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The Student News Site of Texas State University

The University Star

The Student News Site of Texas State University

The University Star

The Student News Site of Texas State University

The University Star

Studying abroad is more affordable than you think

Illustration by Devon Crew

When most students consider studying abroad, cost is one of the most prominent factors that raises concern. Although the upfront cost of studying in a different country might seem scary, it is actually more affordable than students believe.

Of course, there is no contest about the benefits of studying abroad. These unique experiences help students develop skills like leadership, adaptability and problem-solving. A study from the Institute for the International Education of Students reported that “79% of [study abroad] alumni found study abroad effective for developing job-related skills.”

It is understandable why cost would be one of the first things that people consider before taking the leap to a different educational setting. The tuition, program fees, flights and textbook costs add up quickly on paper. A common question that students might find themselves pondering is if it is cheaper to study abroad or just travel on their own.

Students who ask this question are typically unaware of all the economic assistance associated with education abroad. One of the greatest benefits of traveling for school is that students are eligible for financial aid, including grants and scholarships.

Monica Sorensen-Santos, a psychology and Spanish senior, who participated in both the Valladolid and Cuenca faculty-led programs in the summer, said her experience with financial aid was challenging, as some of the deadlines had already passed when she hoped to apply for aid.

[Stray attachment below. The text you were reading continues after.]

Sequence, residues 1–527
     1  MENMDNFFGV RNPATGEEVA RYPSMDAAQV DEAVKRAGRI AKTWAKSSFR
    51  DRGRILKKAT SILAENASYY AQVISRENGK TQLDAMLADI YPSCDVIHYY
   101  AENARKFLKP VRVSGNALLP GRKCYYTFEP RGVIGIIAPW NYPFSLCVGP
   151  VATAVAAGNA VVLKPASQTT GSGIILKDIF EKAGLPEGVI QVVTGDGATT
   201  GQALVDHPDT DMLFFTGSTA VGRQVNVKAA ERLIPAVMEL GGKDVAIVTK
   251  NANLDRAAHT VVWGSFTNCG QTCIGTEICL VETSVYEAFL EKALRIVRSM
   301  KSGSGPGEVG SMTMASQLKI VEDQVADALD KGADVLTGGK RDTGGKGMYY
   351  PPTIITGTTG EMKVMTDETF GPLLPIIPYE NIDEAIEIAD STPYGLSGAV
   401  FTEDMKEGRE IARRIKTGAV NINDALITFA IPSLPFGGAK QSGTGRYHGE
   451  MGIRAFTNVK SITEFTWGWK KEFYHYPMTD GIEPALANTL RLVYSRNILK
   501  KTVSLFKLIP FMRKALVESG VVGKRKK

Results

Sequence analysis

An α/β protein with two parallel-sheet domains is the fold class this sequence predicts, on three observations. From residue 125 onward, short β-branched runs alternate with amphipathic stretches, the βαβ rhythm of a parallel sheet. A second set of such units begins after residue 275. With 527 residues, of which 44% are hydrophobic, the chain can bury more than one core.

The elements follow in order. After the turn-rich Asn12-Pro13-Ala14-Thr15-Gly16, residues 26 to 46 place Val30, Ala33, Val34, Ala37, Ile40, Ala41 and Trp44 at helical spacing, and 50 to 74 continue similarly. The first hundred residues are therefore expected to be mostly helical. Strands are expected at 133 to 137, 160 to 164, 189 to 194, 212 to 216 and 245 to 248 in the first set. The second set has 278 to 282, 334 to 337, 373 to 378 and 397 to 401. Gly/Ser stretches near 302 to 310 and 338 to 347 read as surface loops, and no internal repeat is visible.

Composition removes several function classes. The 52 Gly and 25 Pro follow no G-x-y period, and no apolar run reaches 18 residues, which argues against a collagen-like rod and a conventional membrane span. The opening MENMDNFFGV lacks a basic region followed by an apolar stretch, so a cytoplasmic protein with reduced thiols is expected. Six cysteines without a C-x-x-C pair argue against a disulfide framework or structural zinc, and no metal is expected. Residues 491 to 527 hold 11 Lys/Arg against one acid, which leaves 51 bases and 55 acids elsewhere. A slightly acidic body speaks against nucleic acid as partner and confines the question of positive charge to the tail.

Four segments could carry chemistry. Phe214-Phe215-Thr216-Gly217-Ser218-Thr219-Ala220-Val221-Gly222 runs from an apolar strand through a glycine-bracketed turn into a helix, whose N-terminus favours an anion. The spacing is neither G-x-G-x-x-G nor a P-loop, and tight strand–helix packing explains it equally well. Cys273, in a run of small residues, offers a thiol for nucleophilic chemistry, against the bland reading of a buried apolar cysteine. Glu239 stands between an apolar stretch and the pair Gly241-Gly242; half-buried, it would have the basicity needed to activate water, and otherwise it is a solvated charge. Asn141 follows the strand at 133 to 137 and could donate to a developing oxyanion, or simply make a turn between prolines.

“[The International Education Fee (IEF) Scholarship] covered like a third of the cost of the program,” Sorensen-Santos said. “I could have studied abroad for free, but I didn’t know about all of the opportunities until it was already kind of too late.”

The IEF Scholarship is an award that is offered through Texas State. According to the Education Abroad Office, the average awards are $1,500 for full semesters and $1,000 for the summer.

More scholarships for studying abroad offered through Texas State can be found on the Bobcat Online Scholarship System. This system filters scholarships with criteria specific to the student applying.

In addition to scholarships offered by Texas State, there are many external scholarships dedicated to students going abroad. One of the most well-known is the Gilman Scholarship. According to their website, over 41,000 of the applicants have received funding through the scholarship program.

There are multiple financial aid opportunities to study abroad; however, it is important for students to familiarize themselves with said opportunities in order to plan for applications accordingly. Therefore, it is likely best to start looking for aid long before you plan to leave the U.S.

Additionally, more than just classes are included when studying abroad. Depending on the program, financial aid can be utilized to cover the cost of fun excursions and extracurricular activities within program fees. Sorensen-Santos said things such as kayaking, hiking, flamenco classes and city exploration to places like Madrid and Segovia were additional activities that were included with her programs.

“It was totally worth the money,” Sorensen-Santos said. “If I was there by myself, I probably would have had to pay for all of that.”

Not only could these pre-planned activities save students money through group discounts and early reservation deals, but they also save students time. If time is money, then pre-planned activities allow students to instead use their free time more effectively.

Studying abroad provides a rich cultural immersion with friends and classmates for a great price that students are unable to get anywhere else.

You can’t put a price on a once-in-a-lifetime experience. Education abroad allows you to develop skills and gain a better understanding of a different way of life, as opposed to simply being a tourist in a space that is not your own.

-Madison Green is a psychology and advertising senior

The University Star welcomes Letters to the Editor from its readers. All submissions are reviewed and considered by the Editor-in-Chief and Opinions Editor for publication. Not all letters are guaranteed for publication.

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